February 5, 2014

Drawp for School: Unleashing Students’ Creativity

This blog was first posted on Jen’s Blog.

The next session I’m attending is given by alumna of my institution, Ransom Everglades School, Ana Albir. She is presenting on the iPad Application, Drawp (Free). Drawp for School is an app that has been in development for seven months and drawn out of the previous app, Drawp for Families ($4.99).

Drawp Sharing Screen Shot

Drawp Sharing Screen Shot

The nice feature of Drawp is that it allows young children to share content without the need of an email address (an issue for students under 13 years old).

Why Drawp?

Students like to share their work and the ubiquity of tablets makes a new arena of creation and different needs for sharing. A drawing or project on an iPad can’t be sent home at the end of the day. Additionally, getting content off of a tablet and distribute it to a teacher can be problematic (especially if schools don’t have email addresses for those particular students or a cloud based solution such as Google Drive). Additionally, in the export process you often lose the ability to edit content. With a 1:1 environment, this can often be fine. However, if you’re in a shared cart model (as many schools are) then you lose the ability to give lengthier assignments that include the revision process. These processes, then, make technology “get in the way” of learning. The objective of Drawp is to get rid of the impediments and facilitate learning.

So Drawp is a creativity tool, with a built-in sharing platform, and an automatic workflow management system for teachers. Draw integrates with Google Drive,

Drawp with "voice stickers" attached.

Drawp with “voice stickers” attached.

DropBox, and the camera roll. You can then annotate and even attach “voice stickers.” The Voice Stickers are my favorite feature as they allow you to record audio and attach it to a specific part of the image. Additionally, everything created on Drawp is backed up on Drawp’s cloud servers. It’s automatically saved and not dependent on the iPad local memory. If you have a system that wipes iPads after each use or can’t guarantee students the same iPad, the content is there and doesn’t have to be reloaded. Also, it’s fully editable! Very cool. If a student wants to share content with a family member, it can go as a text message to the parents. It’s important to note that sharing is asynchronous, so students cannot collaborate live. This may be something that comes in the future. However, because this app is primarily directed to young children collaborative drawing with children can be problematic. However, they may add synchronous sharing in the future.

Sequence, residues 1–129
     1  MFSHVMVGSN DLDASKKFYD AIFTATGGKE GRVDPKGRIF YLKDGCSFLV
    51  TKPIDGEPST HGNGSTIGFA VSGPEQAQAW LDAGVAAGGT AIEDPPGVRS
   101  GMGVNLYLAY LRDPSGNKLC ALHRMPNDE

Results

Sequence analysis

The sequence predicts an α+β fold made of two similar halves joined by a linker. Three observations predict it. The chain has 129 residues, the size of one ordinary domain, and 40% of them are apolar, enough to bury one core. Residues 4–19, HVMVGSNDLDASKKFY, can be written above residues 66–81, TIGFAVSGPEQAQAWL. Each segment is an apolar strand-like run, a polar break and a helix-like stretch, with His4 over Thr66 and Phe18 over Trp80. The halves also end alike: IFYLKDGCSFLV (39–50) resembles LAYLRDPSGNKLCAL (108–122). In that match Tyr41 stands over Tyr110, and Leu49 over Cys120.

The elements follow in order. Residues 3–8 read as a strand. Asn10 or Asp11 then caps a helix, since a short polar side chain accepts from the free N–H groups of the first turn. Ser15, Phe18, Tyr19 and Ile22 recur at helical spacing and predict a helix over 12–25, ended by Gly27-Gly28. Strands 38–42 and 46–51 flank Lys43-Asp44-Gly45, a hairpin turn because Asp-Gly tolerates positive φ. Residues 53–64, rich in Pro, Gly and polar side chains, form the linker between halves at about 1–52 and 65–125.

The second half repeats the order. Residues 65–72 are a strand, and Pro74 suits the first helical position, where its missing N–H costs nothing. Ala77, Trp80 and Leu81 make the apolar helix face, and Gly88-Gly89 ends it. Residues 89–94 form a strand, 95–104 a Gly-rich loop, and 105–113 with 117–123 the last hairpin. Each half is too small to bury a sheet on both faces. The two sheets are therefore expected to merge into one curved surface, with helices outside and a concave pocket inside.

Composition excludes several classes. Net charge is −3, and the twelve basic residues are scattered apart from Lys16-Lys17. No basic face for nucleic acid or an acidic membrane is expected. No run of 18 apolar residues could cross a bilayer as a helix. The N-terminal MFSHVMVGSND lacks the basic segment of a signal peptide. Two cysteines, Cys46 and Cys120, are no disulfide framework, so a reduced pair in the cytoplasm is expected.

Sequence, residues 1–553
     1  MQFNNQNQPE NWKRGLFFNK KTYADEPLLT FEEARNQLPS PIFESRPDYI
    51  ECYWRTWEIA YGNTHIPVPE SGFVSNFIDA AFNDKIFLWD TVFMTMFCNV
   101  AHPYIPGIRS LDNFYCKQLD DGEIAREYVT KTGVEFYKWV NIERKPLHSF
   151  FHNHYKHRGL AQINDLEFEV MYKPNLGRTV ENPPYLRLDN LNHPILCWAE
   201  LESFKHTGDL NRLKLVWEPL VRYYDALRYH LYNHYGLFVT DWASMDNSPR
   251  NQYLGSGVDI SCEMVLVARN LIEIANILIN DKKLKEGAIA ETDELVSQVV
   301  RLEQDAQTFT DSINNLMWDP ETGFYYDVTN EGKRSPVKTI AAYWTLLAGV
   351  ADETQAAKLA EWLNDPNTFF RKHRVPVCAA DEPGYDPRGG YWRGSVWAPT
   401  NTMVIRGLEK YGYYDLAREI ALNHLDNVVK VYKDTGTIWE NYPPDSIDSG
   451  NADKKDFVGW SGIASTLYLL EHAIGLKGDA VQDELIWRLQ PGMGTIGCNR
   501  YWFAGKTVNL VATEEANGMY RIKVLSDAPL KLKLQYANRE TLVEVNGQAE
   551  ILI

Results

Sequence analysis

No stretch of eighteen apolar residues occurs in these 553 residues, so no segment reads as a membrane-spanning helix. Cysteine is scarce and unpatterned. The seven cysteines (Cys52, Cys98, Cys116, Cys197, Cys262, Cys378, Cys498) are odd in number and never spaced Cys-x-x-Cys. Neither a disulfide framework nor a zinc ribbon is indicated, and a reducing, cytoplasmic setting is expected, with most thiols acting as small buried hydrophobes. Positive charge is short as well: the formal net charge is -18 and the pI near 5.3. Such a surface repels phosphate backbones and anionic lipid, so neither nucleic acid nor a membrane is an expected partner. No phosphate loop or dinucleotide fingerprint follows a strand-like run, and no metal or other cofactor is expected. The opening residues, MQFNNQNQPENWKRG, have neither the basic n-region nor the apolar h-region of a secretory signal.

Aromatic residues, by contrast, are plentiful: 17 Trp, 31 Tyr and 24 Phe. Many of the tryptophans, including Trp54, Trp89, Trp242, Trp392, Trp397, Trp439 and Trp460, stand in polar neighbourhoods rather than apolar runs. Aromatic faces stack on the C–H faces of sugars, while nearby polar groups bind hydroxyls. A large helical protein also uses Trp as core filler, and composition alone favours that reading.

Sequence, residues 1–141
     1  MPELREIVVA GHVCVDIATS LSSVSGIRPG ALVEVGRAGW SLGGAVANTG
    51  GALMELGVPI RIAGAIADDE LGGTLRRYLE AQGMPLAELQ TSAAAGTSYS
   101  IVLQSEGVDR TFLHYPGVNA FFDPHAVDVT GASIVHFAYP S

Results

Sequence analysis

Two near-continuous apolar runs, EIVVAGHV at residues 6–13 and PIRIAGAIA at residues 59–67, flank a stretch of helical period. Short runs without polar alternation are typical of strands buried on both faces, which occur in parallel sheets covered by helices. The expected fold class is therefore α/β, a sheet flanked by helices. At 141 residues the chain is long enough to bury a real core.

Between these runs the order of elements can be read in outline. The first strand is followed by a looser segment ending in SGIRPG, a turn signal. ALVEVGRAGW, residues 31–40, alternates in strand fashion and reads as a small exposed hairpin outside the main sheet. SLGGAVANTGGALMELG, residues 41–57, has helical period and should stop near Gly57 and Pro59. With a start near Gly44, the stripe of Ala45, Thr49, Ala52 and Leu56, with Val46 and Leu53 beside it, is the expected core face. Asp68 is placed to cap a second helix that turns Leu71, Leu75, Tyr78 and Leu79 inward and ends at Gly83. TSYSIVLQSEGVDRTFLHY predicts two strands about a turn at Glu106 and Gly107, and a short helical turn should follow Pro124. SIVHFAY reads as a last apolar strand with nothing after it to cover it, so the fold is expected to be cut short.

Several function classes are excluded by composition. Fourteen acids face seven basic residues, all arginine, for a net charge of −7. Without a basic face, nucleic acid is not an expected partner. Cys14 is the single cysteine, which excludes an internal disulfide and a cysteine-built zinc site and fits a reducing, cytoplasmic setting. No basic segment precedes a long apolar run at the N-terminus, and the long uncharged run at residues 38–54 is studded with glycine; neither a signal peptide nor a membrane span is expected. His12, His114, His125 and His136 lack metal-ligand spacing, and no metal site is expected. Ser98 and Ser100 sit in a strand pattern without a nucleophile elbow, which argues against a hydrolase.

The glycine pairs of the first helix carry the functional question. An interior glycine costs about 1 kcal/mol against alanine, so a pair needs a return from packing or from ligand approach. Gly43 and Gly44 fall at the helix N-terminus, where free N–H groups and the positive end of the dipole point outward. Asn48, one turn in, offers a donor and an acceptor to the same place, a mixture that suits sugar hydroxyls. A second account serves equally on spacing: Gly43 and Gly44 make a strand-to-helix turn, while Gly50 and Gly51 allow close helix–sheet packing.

Teacher Workflow

Teacher Workflow

You can also type information embedded via metadata so that it doesn’t cover up the drawing. Students can use this feature to explain their drawing or to receive feedback from peers or teachers. The teacher dashboard is well organized and easy to navigate. It is sorted by class, assignment, and student. This is a nice feature for workflow! The teacher can type a comment that will be available immediately. Additionally, the teacher can see what students are sharing with others. This is key to ensure appropriate behavior between students as well as to keep an eye on what they are sharing outside (not that students can only share with approved sharing list). Additionally, teachers can see progressive data. So if a student shares something inappropriate and then deletes it, you can still see a thumbnail of it.

In addition to using the set “coloring books” included, you can import your own content. This is great because it means that it moves beyond a coloring app. Chemistry teachers can import the periodic table, geography teachers can include maps of Europe, etc. Because it works with Camera Rolle, DropBox, and Google Drive, you can import a variety of content. Right now content is limited to images but they anticipate rolling out PDF compatibility shortly.

To encourage educational objectives, Drawp includes Common Core tips, provides flexible lesson plans for a variety of grade levels and subject. It also seems to be a good tool for blended learning environments.

Ana also highlights that the app is continuing to evolve. In the next four months they will be rolling out an online platform for lessons, an Android compatible App, the ability to export interactive media to blogs, as well as a book creation platform. If you want to play with the app, and download it by February 15 you get unlimited classes for one year ($99 value). After that there are various subscription levels. You can download the app here.